146. Nowhere


A: In, at, or to no place; not anywhere. adverbNowhere does the article mention the names of the people involved.


B: Not in a successful or winning position. adverbThe horse I bet on finished nowhere.


147. Noxious: Harmful, poisonous, or very unpleasant. adjectiveThey were overcome by the noxious fumes.




148. Objectionable: Arousing distaste or opposition; unpleasant or offensive. adjective I find his theory objectionable in its racist undertones.




149. Odious: Extremely unpleasant; repulsive. adjective A pretty odious character.




150. Offensive


A: Causing someone to feel deeply hurt, upset, or angry. adjectiveThe allegations made are deeply offensive to us.

B: Actively aggressive; attacking. adjectiveOffensive operations against the insurgents.

C: An attacking military campaign. nounAn impending military offensive against the guerrillas.



151. Old: Belonging only or chiefly to the past; former or previous. adjective
Valuation under the old rating system was inexact.


152. Oppressive: Unjustly inflicting hardship and constraint, especially on a minority or other subordinate group. adjective An oppressive dictatorship.




153. Pain


A: Physical suffering or discomfort caused by illness or injury. noun

She's in great pain.

B: Careful effort; great care or trouble. nounShe took pains to see that everyone ate well.

C: Cause mental or physical pain to. verbIt pains me to say this.



154. Perturb


A: Make (someone) anxious or unsettled. verb

They were perturbed by her capricious behavior"

B: Subject (a system, moving object, or process) to an influence tending to alter its normal or regular state or path. technical
Nuclear weapons could be used to perturb the orbit of an asteroid.



155. Pessimistic: Tending to see the worst aspect of things or believe that the worst will happen. adjective He was pessimistic about the prospects.





156. Petty


A: Not important and not worth giving attention to. adjectivePrisoners complain that they are subjected to too many petty rules and restrictions.

B: Complaining too much about things that are not important. adjectiveDon't be so petty!


157. Plain


A: Not decorated or elaborate; simple or ordinary in character. adjectiveGood plain food.

B: Clearly; unequivocally (used for emphasis). noun
Perhaps the youth was just plain stupid.



158. Poisonous: (of a substance or plant) causing or capable of causing death or illness if taken into the body. adjective
Poisonous chemicals.



159. Poor


A: Lacking sufficient money to live at a standard considered comfortable or normal in a society. adjectivePeople who were too poor to afford a telephone.

B: Worse than is usual, expected, or desirable; of a low or inferior standard or quality. adjectiveMany people are eating a very poor diet.

C: (of a person) considered to be deserving of pity or sympathy. adjectiveThey inquired after poor Dorothy's broken hip.



160. Prejudice


A: Preconceived opinion that is not based on reason or actual experience. noun

Prejudice against people from different backgrounds"

B: Harm or injury that results or may result from some action or judgment. Law nounPrejudice resulting from delay in the institution of the proceedings"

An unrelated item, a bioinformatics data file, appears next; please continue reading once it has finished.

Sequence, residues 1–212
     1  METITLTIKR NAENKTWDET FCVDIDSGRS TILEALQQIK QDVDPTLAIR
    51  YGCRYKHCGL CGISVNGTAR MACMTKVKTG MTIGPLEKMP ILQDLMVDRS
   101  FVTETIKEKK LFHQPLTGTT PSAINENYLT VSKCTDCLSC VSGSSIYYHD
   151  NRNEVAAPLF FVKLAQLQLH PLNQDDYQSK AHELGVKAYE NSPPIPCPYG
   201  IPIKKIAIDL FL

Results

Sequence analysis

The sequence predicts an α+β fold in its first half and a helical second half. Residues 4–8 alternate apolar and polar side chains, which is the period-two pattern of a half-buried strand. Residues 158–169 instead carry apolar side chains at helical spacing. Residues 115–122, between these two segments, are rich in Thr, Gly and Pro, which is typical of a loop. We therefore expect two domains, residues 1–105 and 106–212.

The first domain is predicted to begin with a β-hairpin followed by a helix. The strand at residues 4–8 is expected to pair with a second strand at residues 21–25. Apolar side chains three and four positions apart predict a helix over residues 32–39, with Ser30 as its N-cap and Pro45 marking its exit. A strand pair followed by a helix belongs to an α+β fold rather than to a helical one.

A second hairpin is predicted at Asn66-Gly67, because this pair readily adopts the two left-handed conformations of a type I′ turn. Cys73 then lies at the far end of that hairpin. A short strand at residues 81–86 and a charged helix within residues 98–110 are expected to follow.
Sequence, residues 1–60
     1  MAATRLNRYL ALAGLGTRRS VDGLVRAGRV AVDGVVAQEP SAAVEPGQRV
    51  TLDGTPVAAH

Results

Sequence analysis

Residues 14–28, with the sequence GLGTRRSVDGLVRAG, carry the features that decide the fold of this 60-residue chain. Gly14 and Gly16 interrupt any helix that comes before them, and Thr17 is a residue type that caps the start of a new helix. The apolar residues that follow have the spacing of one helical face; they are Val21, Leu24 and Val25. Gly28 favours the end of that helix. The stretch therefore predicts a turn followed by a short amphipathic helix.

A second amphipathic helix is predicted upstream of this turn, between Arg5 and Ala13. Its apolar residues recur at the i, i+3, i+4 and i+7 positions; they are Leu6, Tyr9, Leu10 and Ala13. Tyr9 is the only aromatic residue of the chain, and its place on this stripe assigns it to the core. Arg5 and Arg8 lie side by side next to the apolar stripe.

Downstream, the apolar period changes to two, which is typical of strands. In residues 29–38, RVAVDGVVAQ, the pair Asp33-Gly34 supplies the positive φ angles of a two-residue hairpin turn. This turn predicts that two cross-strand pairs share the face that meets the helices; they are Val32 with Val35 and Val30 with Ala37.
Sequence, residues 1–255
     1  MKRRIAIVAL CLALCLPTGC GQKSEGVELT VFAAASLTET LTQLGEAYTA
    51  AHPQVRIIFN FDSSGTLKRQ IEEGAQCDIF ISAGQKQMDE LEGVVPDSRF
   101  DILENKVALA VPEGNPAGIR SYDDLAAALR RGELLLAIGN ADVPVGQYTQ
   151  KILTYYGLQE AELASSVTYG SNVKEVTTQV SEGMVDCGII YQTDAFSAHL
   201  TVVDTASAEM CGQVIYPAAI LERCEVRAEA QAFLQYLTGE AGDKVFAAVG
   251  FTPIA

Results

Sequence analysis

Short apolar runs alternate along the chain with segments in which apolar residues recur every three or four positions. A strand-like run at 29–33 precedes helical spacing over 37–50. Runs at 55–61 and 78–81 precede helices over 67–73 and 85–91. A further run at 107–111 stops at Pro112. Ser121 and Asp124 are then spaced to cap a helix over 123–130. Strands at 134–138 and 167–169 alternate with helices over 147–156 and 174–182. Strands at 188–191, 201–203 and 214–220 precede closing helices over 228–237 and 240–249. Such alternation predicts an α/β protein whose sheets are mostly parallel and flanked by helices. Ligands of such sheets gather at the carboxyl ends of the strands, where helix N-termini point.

C: Give rise to prejudice in (someone); make biased. verb
The statement might prejudice the jury"

D: Cause harm to (a state of affairs). Law verbDelay is likely to prejudice the child's welfare.



161. Questionable: Doubtful as regards truth or quality. adjective It is questionable whether any of these exceptions is genuine.




162. Quirky: Characterized by peculiar or unexpected traits. adjective
Her sense of humor was decidedly quirky.



163. Quit


A: Leave (a place), usually permanently. verb

He was ordered to quit the cabin immediately.

B: Behave in a specified way. verbQuit yourselves like men, and fight.

C: Rid of. adjectiveI want to be quit of him.



164. Reject


A: Dismiss as inadequate, inappropriate, or not to one's taste. verb

Union negotiators rejected a 1.5 percent pay increase.

B: Person or thing dismissed as failing to meet standards or satisfy tastes. noun
Some of the team's rejects have gone on to prove themselves in championships.



165. Renege: Go back on a promise, undertaking, or contract. verb

Have reneged on their promises to us.


166. Repellent: Causing disgust or distaste. adjective
The idea was slightly repellent to her.



167. Reptilian: (of a person) deeply disliked and despised; repulsive. adjective
A reptilian villain with no redeeming features.



168. Repugnant


A: Extremely distasteful; unacceptable. adjectiveThe thought of going back into the fog was repugnant to him"

B: In conflict with; incompatible with. adjectiveA bylaw must not be repugnant to the general law of the country.



169. Repulsive: Arousing intense distaste or disgust. adjectiveA repulsive smell.




170. Revenge


A: The action of inflicting hurt or harm on someone for an injury or wrong suffered at their hands. noun

Other spurned wives have taken public revenge on their husbands.

B: Inflict hurt or harm on someone for an injury or wrong done to (someone else). verb
It's a pity he chose that way to revenge his sister.



171. Revolting: Causing intense disgust; disgusting. adjective
There was a revolting smell that lingered in the air.



172. Rocky


A: Tending to rock or shake; unsteady. adjectiveOlder types of sash windows are a bit rocky.

B: Difficult and full of obstacles or problems. adjectiveThe marriage seemingly got off to a rocky start.



173. Rotten